Tea Leaf Nation

How to Spot a State-Funded Chinese Internet Troll

Personal attacks, appeals to communal loyalty, and pleas for patience are some telltale signs.

Chinese people use computers at an internet bar in Beijing on September 30, 2009. Press rights group Reporters Without Borders said on September 29 that a "paranoid" China had blocked tens of thousands of websites ahead of the 60th anniversary of the People's Republic. AFP PHOTO/LIU Jin (Photo credit should read LIU JIN/AFP/Getty Images)
Chinese people use computers at an internet bar in Beijing on September 30, 2009. Press rights group Reporters Without Borders said on September 29 that a "paranoid" China had blocked tens of thousands of websites ahead of the 60th anniversary of the People's Republic. AFP PHOTO/LIU Jin (Photo credit should read LIU JIN/AFP/Getty Images)

They are “obsessed with online games.” They are “convinced their viewpoint is the right one.” They are “fiercely ignorant.” And they may — just may — be paid Chinese government flacks.

That’s how one aggrieved web user described one of China’s least-liked groups of people: the wumao. It means “fifty cents” in Chinese and began as shorthand for Internet users on the Chinese government’s payroll. (Their ranks are unknown, although estimates peg them between tens of thousands and hundreds of thousands nationwide. Pay appears to vary.) It’s since become slang for web users who reliably take the government’s side in any online debate or comment forum, or at least pounce on anyone who doesn’t.

In a rare leak in December 2014, one anonymous wumao shared his or her secrets with a Chinese blogger. The leaked documents indicate some wumao are lazy, preferring to pump out government-suggested posts verbatim. But some wumao are harder working and take the time to respond to users directly.

A post making a recent round on Weibo, China’s Twitter, takes aim at how those ripostes might look. They range from questioning another commenter’s patriotism — and sometimes insinuating that anyone doubting the party line might be better off Stateside — to asking for patience as China’s government continues to push forward reforms. To be sure, not everyone writing such stuff is actually a paid government troll, but the frequent use of the term indicates both the mistrust surrounding online political discussion and the climate of doubt that bona fide wumao have created.

Given that online speech considered harmful to social stability can be prosecuted as a crime, the anonymous post purports not to be about politics at all, but instead, a single chicken egg; the egg represents Communist Party policies, and the eggs next door, by all appearances, represent American democracy. The author envisions how a wumao might respond to the simple critique: “This chicken egg tastes bad.” Some of the funniest or most revealing are selected below.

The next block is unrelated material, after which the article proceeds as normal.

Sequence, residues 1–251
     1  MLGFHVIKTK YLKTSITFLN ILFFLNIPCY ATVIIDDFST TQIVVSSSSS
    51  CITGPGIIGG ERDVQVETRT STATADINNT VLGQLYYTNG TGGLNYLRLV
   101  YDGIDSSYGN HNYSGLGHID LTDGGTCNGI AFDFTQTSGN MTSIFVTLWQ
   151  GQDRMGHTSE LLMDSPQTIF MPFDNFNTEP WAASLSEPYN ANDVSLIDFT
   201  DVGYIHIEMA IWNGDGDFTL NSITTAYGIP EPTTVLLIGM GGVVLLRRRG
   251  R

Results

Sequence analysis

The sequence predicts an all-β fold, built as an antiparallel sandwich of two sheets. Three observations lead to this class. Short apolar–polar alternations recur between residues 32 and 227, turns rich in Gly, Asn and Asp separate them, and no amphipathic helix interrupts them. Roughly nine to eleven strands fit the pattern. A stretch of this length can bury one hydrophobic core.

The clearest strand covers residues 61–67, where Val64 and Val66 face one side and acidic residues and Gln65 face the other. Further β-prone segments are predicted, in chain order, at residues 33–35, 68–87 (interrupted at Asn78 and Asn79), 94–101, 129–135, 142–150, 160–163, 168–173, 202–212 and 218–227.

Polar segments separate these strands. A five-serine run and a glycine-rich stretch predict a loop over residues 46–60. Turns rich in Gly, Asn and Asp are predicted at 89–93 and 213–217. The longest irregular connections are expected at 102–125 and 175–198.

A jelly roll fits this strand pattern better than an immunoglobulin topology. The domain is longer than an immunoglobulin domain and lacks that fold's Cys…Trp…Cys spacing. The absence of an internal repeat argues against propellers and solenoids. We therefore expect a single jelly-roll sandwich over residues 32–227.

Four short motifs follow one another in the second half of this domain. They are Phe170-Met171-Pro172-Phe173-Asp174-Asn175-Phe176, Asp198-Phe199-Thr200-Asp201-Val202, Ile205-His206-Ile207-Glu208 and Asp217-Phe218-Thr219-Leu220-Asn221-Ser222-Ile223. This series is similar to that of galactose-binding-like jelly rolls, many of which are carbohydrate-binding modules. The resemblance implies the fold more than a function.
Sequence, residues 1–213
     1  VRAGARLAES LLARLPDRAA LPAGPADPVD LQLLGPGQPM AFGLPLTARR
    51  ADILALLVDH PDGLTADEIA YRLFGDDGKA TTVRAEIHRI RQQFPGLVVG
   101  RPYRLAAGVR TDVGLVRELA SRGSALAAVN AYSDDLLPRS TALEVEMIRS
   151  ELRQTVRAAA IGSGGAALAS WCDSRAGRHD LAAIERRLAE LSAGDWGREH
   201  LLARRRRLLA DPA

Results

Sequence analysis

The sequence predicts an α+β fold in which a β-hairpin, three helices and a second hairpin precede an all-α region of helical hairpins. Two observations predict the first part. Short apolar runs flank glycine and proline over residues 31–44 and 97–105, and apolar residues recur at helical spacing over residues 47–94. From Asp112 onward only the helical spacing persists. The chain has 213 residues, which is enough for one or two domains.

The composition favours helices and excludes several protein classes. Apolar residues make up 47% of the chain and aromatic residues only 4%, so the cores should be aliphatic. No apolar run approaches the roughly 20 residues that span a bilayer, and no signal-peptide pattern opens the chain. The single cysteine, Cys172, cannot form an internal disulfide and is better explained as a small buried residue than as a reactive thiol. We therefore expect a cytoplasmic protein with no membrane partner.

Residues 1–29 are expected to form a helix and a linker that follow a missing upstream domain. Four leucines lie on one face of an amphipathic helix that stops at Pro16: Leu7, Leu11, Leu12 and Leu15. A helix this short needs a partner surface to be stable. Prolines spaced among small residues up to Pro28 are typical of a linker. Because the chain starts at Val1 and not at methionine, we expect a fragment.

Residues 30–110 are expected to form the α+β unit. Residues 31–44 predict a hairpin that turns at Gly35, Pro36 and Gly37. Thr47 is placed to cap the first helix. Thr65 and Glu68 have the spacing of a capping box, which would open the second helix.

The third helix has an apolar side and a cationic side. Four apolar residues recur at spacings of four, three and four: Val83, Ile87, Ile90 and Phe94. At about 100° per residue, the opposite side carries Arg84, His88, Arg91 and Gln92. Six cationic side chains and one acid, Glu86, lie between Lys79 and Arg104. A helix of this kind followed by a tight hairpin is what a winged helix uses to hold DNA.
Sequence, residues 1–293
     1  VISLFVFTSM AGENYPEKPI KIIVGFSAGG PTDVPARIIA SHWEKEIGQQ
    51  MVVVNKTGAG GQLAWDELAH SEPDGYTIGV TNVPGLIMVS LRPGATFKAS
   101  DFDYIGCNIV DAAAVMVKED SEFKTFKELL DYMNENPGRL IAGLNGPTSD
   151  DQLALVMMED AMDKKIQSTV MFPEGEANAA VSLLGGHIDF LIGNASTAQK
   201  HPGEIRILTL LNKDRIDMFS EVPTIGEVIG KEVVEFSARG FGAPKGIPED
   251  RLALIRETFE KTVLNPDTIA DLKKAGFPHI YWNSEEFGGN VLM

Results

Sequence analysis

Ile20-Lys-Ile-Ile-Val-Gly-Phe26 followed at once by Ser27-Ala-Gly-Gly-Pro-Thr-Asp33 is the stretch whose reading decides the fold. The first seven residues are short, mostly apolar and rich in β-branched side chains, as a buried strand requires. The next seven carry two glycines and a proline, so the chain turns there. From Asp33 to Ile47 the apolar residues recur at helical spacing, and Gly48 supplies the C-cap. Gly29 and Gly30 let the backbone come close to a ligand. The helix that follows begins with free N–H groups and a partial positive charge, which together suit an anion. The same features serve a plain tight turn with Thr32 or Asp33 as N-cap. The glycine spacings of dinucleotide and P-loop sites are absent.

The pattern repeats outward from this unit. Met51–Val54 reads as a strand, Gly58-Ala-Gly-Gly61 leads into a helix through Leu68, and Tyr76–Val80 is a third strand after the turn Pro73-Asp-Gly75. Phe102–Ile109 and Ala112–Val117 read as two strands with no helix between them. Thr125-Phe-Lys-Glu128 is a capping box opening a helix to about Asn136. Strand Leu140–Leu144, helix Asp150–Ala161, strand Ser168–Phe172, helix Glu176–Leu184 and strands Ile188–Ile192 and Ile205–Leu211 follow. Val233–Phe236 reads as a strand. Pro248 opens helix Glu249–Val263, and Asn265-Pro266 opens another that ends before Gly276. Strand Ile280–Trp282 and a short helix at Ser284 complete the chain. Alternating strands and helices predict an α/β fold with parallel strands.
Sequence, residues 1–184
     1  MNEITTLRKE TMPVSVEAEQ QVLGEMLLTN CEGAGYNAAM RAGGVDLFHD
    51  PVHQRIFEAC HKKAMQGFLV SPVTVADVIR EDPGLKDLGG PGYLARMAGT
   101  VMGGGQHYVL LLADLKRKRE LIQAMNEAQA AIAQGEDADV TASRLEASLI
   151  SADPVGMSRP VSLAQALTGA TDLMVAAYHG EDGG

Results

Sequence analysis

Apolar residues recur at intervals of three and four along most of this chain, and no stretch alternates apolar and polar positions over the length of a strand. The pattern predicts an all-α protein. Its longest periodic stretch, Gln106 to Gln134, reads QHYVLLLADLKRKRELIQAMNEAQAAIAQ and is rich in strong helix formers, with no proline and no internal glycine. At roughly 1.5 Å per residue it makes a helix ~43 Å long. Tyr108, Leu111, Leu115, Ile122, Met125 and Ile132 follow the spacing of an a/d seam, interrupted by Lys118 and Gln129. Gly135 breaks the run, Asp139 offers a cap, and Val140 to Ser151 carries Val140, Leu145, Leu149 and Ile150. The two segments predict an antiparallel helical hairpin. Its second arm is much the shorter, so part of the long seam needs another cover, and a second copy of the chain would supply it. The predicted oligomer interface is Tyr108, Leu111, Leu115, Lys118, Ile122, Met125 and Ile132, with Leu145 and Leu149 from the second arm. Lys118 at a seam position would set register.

Governing is hard.

“If you’re so skilled, make your own tastier egg.”

“The chicken who made that egg is a hardworking, brave, and good-willed chicken.”

Remember where you come from.

“Generations before you have grown up on these eggs; and you dare say they are bad?”

“However bad it tastes, it’s from the chicken in your own home, so you shouldn’t say that.”

Let’s talk about America instead.

“Nonsense! Our home’s eggs are five times better than those duck eggs next door!”

“The eggs of the duck next door are even worse; why didn’t you mention that?”

“There’s no absolutely delicious egg in this world; if American eggs are so delicious, go there!”

Don’t forget what happened to the Soviet Union.

“Many homes experience conflict among family members because of duck eggs next door; their quality of life drops, and eventually, they dissolve.”

What’s your motivation?

“What’s the point of only complaining? Why don’t you go work hard and make money?”

“How dare you say the chickens we raise make bad eggs? From what standpoint are you saying this?”

“This is incitement with an ulterior motive. What are you trying to do?”

“How much did the chicken next door pay you to say that?”

“Scram; you’re not welcome here.”

Hurry up and wait.

“Everything has a process. Right now, it’s not yet time to eat those duck eggs next door.”

“Duck eggs are good, but they don’t fit with our family’s specific conditions.”

I’m depressed; you’re depressed.

“The eggs next door are just as bad. All is dark in this world, and there’s no such thing as a good egg.”

Photo credit: AFP/Getty Images

David Wertime is senior editor of Tea Leaf Nation. David joins FP after having co-founded Tea Leaf Nation, a news site dedicated to Chinese citizen and social media, which was acquired by the FP Group in Sept. 2013. A former lawyer in New York and Hong Kong, David first encountered China as a Peace Corps volunteer. He has appeared on BBC television, Al Jazeera English, Public Radio International, Voice of America, and other outlets as a commentator on China. Originally from the Philadelphia area, David holds a law degree from Harvard and an English degree from Yale, where he was executive editor of the Yale Herald.

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